The RS3 shares its potent EA255 powerplant with the TTRS. Transversely mounted, the compact dual overhead camshaft 20 valve units were based around a reinforced cast iron block, making them incredibly robust and a great base for aftermarket tuning. Lightweight aluminium alloy was used for the head, pistons and conrods, while a B03G turbocharger ran at up to 1.2 bar of boost through an uprated intercooler. This was enough to produce 335bhp and 332lb ft of torque which was available from as low as 1600rpm. This can deliver up to 35mpg on prolonged motorway cruises, but can easily drop into single figures when using the motor’s full potential, so you only have yourself to blame for frequent visits to the petrol pumps.
Strong and reliable if maintained correctly, the five-cylinder lump makes a great noise too, unfiltered by a lack of restrictive PPF filters that are found in more modern RS3 variants. But any potential purchase must have a full service history with oil changes carried out every 10,000 miles. This is essential to prolong chain and tensioner life. You can tell if these have seen better days as they can emit a rattling noise on start up. Ignition coils are also known to throw up some issues and its recommended that all five are replaced together to ensure equal resistance.
The RS3’s quattro all-wheel drive system is in fact a modified Haldex multi-plate clutch arrangement which sends power predominantly to the rear wheels. The seven-speed dual-clutch gearbox was designed for high performance engine outputs up to 443lb ft, so it should handle the RS3’s torrent of torque without issue. On the test drive check that all gears engage cleanly, and watch for other common issues including faulty Haldex clutch system pumps. These are highlighted by repeatedly illuminating the traction control light. Leaks around the bevel boxes or drive shafts should be replaced under warranty on later cars.
However, whatever you do, don’t skimp on servicing and maintenance and ensure the S-Tronic oil and filter services are carried out every 20,000 miles. Picking a car where these have been missed could prove costly. The prop shaft coupling bolts can also be a weak spot if the car is regularly launched, but upgraded prop bolt kits are available.
The standard suspension is good and is not known to have any inherent issues, although can promote mild understeer. To address this, many RS3 owners opt for a thicker rear anti-roll bar to dial out a this characteristic. Owners that regularly venture on track may have already changed the OEM springs and dampers for coilovers, so be sure to check that these are from a reputable brand and check tyre wear to see if the geometry is aligned correctly. On a test drive, listen for clonks or noises from the rear of the car. This could suggest that the bushes are on their way out. Also, check that the rear shock absorber mounts have been changed, as early cars were fitted with the incorrect items from the factory.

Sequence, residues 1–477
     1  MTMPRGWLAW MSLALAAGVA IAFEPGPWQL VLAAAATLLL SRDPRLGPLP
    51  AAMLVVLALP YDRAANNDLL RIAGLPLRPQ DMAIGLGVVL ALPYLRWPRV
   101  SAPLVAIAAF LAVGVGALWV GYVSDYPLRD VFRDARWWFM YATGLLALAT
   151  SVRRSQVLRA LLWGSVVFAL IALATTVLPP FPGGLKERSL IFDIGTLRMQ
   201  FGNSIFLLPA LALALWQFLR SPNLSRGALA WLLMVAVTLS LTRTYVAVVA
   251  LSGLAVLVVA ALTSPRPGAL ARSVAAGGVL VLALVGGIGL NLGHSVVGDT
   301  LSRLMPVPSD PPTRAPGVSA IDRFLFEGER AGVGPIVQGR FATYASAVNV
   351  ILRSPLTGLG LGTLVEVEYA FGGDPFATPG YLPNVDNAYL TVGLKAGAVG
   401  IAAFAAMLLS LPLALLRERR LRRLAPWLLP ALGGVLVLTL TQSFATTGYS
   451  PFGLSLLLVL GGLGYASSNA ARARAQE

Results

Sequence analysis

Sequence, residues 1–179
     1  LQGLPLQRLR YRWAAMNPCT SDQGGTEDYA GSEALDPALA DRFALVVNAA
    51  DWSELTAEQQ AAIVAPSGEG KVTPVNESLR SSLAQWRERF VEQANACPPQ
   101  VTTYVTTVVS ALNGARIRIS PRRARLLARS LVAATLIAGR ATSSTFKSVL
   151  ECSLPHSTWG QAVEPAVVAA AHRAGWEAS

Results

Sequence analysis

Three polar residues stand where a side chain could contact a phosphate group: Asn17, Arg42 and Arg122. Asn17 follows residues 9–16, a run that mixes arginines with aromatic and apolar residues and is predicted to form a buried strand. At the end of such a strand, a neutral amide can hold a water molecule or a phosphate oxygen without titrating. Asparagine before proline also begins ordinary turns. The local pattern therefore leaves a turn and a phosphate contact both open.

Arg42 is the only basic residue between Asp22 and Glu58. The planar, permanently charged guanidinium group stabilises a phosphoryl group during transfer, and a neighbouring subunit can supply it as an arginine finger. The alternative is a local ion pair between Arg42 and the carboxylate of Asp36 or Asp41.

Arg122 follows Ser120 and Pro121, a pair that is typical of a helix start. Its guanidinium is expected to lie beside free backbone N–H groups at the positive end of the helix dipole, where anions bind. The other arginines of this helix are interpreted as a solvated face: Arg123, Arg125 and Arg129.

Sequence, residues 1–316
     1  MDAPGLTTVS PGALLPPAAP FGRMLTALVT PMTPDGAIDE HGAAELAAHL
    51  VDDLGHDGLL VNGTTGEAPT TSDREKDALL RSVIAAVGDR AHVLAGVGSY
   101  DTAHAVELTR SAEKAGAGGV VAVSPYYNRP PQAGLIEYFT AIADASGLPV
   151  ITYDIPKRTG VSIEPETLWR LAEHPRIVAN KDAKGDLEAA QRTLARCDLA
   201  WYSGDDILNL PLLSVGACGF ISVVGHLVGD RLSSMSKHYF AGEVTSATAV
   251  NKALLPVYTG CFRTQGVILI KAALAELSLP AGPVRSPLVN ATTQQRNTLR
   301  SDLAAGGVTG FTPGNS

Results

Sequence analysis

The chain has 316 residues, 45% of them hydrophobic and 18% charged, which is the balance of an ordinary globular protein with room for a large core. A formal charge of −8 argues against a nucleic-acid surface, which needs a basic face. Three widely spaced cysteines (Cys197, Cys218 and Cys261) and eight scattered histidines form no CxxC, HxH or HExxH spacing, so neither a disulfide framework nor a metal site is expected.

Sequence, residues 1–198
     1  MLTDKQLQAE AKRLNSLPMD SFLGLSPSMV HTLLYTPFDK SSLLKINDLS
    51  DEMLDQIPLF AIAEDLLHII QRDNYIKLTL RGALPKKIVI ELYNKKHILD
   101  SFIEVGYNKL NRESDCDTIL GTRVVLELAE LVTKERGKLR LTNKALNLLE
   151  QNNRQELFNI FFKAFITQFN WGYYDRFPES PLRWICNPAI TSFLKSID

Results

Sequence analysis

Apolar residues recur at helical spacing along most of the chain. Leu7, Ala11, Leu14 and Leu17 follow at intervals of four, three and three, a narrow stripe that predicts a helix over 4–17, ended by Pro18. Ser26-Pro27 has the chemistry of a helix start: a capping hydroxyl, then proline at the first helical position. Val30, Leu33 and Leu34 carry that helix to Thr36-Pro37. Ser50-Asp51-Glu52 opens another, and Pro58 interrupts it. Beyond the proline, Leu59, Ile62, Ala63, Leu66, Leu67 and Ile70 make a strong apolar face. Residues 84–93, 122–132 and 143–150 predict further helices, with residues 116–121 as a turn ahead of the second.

With so much grunt on tap, the RS3’s brakes do take a hammering. Luckily, they come with a decent set of four-piston calipers from the factory. However the 370mm discs are known to squeal a lot, although this can often be sorted with a dab of Copaslip or by fitting uprated discs.
The OG RS3 came with new 8x19in S-arm rotor design cast alloy wheels with a two-tone machine polished titanium finish and were equipped with front tyres that were wider than the rears to improve front-end bite and reduce understeer. Fronts should be 235s with smaller 225s at the rear. Check for signs of kerbing or corrosion and that the tyres are from a quality manufacturer and have no signs of damage to the side walls or inconsistent wear patterns on the tread, as this could indicate an issue with the suspension or it’s alignment.
Audi RS3 8P Model timeline
- 2010 – New RS3 model revealed online in November.
- 2011 – Physical launch of the car happens at Geneva Motor Show in March.
- 2011 – RS3s hit the showroom floors in April with 500 models available for the UK.
- 2012 – An additional 250 examples are made available to UK customers due to high demand.
- 2012 – Production of the RS3 8P ends in December.
Audi RS3 8P Prices
- 2012 Audi RS3 8P – 99,642 miles – £13,975
- 2011 Audi RS3 8P – 65,039 miles – £16,500
- 2011 Audi RS3 8P – 49,921 miles – £18,995
- 2012 Audi RS3 8P – 39,130 miles – £23,250
How to launch an Audi RS3 8P
The Audi RS3 8P came with a tantalising new feature that owners could employ to reduce their 0-60mph times and help them at the traffic light GP. Launch control is activated by putting your left foot on the brake, turning off ESP, selecting Sport mode on the dash and gearbox and pushing the accelerator to the floor. The revs should rise but be held by the electronics at 3,000rpm, while the engine rumbles and pops like a pit bull straining at the leash. When you’re ready, simply lift off the brake and feel the G-forces as you are catapulted to the horizon. Simples!
Words: Dan Sherwood.